The magnets are kept at 1.9 degrees above absolute zero so they are colder than outer space. This is so they are superconducting.
    This requires the world's largest fridge - >10,000 tonnes of liquid nitrogen.
    This, combined with the detectors, will produce more than 800,000 GB of data every year and requires a whole new class of supercomputer to be designed to be able to handle it.

    This of course is if it works as planned. We'll find that out later this summer.
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      RPMiller is offline
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    So you aren't taking the warning to not cross the beams seriously then?

    I think this whole project is really interesting. I think my biggest question is what do the participants hope to learn from it? I think that is the one aspect that I still don't quite understand. Will this provide a new energy source? Unlock some important information to improving life? That sort of thing?
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      torstan is offline
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    Okay, all very impressive, but didn't someone mention a black hole?

    Well yes, one possible result is that the LHC will produce microscopic black holes the size of atoms. This, contrary to popular speculation, would be great. In fact, some theories predict that we should produce them. However, rather than sucking in the world, these would decay in the detector - exploding in a spectacular shower of subatomic particle that would light up the detector like a Christmas tree. I've seen experimental plots of an event like this. People take it very seriously and would be very excitied if it happened.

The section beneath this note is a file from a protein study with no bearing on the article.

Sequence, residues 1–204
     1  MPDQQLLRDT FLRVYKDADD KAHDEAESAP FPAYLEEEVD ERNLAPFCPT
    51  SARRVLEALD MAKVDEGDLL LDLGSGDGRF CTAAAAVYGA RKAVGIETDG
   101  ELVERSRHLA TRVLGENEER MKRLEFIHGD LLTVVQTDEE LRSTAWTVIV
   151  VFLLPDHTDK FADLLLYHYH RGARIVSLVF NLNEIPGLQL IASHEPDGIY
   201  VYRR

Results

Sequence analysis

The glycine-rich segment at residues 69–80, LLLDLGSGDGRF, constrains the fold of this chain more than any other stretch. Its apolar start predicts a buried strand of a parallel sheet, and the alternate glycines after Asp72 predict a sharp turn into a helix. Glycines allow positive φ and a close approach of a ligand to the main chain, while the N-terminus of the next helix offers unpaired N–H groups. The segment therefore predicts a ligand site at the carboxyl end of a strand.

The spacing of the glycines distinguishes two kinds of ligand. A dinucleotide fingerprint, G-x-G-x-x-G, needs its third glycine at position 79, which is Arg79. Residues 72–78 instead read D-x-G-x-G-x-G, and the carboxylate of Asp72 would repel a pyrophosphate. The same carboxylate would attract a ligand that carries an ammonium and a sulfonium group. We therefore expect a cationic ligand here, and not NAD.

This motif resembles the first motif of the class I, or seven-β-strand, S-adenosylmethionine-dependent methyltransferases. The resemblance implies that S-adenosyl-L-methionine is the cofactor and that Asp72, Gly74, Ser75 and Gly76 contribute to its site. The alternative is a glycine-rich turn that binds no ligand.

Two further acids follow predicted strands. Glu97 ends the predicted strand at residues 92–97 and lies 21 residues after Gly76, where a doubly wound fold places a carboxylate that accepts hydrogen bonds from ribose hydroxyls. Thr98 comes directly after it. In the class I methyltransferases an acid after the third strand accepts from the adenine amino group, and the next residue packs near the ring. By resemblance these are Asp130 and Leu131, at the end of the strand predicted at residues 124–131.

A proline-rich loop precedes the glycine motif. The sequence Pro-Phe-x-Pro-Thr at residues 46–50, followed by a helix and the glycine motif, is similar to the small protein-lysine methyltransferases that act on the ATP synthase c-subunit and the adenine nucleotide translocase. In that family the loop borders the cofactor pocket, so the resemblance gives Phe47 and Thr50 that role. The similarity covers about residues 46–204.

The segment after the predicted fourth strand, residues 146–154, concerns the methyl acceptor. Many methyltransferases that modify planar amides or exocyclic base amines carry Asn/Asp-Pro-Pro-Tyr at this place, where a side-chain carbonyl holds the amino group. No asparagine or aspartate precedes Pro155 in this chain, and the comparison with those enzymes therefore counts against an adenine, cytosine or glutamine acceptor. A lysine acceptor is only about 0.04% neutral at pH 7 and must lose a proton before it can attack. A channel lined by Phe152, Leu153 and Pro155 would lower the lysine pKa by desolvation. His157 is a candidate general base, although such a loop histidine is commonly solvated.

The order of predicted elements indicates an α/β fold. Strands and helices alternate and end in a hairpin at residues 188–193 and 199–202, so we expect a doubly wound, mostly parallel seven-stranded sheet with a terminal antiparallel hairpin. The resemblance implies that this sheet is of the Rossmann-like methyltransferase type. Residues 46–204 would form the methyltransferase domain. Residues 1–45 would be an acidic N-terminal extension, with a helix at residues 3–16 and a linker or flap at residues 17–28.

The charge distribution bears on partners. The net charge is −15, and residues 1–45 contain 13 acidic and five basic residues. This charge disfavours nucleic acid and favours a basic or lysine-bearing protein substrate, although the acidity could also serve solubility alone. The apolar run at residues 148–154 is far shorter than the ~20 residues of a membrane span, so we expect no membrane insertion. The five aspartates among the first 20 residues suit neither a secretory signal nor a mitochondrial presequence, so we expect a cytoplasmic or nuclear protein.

But, I hear you shout, what if it doesn't decay? What if the black hole sits there, getting larger and larger until it ate the world?

    Well, this has been carefully studied. Though we have never created collisions at this energy in a laboratory on earth before, these type of interactions do occur when cosmic rays hit the earth from outer space. So if this was going to happen, it would have done so already. Okay, so maybe we're just lucky that this hasn't happened to us yet? No. It hasn't happened to us, or to Mars, or to Jupiter, or the sun, or any other object we can see. This was addressed in a recent paper (out this week). I think the abstract (or at least the last line of the abstract) is worth a read: